The University of Massachusetts Amherst

Du Bois Lecture

25th Annual Du Bois Lecture and Gala Dinner 

Keynote Speaker Francoise Hamlin: What Would Du Bois Say? Activism and Scholarship


Wednesday, February 13, 6:00 p.m.
Old Chapel, University of Massachusetts Amherst
Free and Open to the Public, space is limited, RSVP by February 4.

Join us as we conclude our commemoration of Du Bois’s 150th anniversary and celebrate 10 years of the Du Bois Center at UMass Amherst. This is a truly special event featuring a reception, a keynote speech by Francoise Hamlin of Brown University, and a banquet. We will be sharing success stories from the past year and some of our plans for the future.

One of the central principles of the Du Bois Center at UMass Amherst is to identify and examine how the themes and ideas of Du Bois relate to the present day. In her own work, Dr. Hamlin pursues a very similar theme, examining the relationship between scholarship and activism. In her talk, Dr. Hamlin will be exploring possible answers to three key questions: What are the connections between the past struggles for social change and the present? What are the ethics and the responsibilities of activist scholars? What is a public scholar? The lecture will examine the relationship between scholarship and activism, a relationship central to understanding the life and work of W. E. B. Du Bois.

Dr. Françoise N. Hamlin is an Associate Professor of History and Africana Studies at Brown University. She earned her doctorate in African American Studies and American Studies at Yale University, her Masters from the University of London, and her B.A. from the University of Essex (both in United States Studies). Hamlin also taught as an assistant professor at UMass from 2005 to 2007 in the History Department.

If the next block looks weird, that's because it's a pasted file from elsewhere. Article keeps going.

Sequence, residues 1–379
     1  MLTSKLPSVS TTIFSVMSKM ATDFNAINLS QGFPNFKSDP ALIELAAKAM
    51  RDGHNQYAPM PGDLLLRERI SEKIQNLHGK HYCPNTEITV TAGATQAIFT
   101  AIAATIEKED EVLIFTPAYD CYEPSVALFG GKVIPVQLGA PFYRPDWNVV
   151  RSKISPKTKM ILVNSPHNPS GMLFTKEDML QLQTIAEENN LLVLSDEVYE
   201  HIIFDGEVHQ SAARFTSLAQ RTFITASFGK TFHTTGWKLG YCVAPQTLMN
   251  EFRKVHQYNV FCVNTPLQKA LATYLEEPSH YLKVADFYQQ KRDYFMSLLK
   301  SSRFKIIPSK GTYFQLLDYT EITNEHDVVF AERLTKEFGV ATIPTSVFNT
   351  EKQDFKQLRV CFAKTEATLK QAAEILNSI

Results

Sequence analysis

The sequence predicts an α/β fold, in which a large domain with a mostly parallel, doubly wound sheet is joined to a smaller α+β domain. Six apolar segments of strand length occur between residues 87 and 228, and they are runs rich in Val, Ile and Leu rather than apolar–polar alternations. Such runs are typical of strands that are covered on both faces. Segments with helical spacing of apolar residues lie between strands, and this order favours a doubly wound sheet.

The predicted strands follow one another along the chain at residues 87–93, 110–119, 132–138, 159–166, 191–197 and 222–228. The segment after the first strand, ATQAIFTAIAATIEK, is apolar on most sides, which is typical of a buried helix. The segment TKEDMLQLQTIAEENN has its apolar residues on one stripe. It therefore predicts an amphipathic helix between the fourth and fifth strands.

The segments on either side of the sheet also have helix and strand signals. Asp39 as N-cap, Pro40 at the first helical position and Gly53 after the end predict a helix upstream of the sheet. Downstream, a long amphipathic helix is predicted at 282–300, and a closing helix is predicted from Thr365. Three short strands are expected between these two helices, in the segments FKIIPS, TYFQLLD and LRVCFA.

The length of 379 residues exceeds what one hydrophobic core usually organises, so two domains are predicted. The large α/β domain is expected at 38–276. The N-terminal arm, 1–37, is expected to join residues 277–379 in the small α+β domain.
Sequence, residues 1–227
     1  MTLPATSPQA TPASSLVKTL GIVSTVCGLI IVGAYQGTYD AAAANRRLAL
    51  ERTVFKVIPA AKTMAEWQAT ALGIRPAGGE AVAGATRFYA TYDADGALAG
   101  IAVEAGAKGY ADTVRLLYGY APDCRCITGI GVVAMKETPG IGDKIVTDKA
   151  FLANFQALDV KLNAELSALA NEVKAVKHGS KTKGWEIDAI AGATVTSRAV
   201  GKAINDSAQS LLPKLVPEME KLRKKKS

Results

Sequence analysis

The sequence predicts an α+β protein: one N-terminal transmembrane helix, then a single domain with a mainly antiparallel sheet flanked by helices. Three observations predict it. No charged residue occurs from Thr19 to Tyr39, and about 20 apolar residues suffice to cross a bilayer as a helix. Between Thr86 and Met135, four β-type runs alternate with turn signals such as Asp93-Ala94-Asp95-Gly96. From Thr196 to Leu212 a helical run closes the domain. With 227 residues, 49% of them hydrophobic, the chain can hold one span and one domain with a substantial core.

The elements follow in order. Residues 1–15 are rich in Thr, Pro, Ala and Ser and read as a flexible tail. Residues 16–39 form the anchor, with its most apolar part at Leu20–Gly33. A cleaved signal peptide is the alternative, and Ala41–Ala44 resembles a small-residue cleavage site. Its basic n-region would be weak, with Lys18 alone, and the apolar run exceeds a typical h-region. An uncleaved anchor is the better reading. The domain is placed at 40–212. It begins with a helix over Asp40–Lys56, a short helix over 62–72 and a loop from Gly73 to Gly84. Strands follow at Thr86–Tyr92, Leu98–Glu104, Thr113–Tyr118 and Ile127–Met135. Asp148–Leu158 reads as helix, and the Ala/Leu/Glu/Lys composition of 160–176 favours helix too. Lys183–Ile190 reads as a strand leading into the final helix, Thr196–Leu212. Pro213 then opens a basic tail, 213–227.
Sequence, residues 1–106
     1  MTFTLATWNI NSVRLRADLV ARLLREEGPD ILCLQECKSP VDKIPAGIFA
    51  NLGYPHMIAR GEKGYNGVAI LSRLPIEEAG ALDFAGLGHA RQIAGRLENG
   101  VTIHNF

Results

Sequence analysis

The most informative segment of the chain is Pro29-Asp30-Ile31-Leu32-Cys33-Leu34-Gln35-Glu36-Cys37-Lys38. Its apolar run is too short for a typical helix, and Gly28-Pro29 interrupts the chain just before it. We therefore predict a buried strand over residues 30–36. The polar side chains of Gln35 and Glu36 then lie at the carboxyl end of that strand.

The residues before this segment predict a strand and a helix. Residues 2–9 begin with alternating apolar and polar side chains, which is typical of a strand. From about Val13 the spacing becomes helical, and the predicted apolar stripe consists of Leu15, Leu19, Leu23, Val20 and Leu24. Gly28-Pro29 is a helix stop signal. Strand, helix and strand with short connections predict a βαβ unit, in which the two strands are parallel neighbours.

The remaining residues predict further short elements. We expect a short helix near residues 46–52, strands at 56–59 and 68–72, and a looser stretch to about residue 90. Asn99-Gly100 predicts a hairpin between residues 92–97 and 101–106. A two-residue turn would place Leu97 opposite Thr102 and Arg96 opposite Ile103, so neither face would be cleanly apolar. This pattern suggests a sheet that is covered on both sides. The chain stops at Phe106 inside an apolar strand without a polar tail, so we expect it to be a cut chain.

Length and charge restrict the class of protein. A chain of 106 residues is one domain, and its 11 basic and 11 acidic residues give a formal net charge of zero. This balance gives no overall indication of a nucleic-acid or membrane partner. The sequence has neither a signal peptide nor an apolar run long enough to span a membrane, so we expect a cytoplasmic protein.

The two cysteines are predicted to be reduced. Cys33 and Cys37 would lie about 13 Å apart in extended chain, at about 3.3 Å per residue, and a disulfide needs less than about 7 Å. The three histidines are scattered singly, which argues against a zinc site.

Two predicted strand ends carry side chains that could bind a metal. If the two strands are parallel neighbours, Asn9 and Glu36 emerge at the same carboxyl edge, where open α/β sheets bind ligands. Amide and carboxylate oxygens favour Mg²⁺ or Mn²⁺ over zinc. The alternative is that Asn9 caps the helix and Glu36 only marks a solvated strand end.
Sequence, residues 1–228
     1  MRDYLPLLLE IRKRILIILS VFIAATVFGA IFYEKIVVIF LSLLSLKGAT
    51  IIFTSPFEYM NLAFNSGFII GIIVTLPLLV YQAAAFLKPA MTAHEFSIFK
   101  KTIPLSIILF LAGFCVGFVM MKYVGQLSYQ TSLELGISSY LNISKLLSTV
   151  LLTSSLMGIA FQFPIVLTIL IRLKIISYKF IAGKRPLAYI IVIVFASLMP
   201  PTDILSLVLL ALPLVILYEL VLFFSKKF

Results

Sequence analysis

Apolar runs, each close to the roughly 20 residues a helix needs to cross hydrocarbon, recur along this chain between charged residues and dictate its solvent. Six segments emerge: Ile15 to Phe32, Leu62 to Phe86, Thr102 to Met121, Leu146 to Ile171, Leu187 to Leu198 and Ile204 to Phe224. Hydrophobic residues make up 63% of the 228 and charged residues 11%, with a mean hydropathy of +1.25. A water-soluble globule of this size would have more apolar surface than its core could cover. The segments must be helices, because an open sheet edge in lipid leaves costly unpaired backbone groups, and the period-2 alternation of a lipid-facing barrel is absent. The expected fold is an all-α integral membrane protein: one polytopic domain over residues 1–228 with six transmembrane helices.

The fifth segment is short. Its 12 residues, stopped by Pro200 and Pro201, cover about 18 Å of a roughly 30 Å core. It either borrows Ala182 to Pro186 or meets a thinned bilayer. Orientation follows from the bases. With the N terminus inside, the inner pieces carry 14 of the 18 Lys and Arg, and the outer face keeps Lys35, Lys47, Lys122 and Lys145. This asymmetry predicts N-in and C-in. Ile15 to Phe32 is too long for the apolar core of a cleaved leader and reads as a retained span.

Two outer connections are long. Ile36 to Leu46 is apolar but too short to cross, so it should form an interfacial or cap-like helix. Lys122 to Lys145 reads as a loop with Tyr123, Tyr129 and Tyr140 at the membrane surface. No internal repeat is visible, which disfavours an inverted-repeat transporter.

Hamlin is the author of Crossroads at Clarksdale: The Black Freedom Struggle in the Mississippi Delta after World War II (University of North Carolina Press, 2012), winner of the 2012 Berkshire Conference of Women Historians Book Prize and the 2013 Lillian Smith Book Award. These Truly Are The Brave: An Anthology of African American Writings on Citizenship and War is a co-edited anthology published by the University of Florida Press in 2015. It was a finalist for the QBR 2016 Wheatley Book Award in Nonfiction, and was republished in paperback in 2018. Hamlin’s new research focuses on young people, trauma, and activism.

Her most notable fellowships and awards include the C. Vann Woodward Dissertation Prize; the Du Bois-Mandela-Rodney Fellowship at the University of Michigan; the Charles Warren Center Fellowship at Harvard University; a Woodrow Wilson National Fellowship; and the Frederick Burkhardt Residential Fellowship from the American Council of Learned Societies. In addition, she has won major mentoring and teaching awards at Brown University.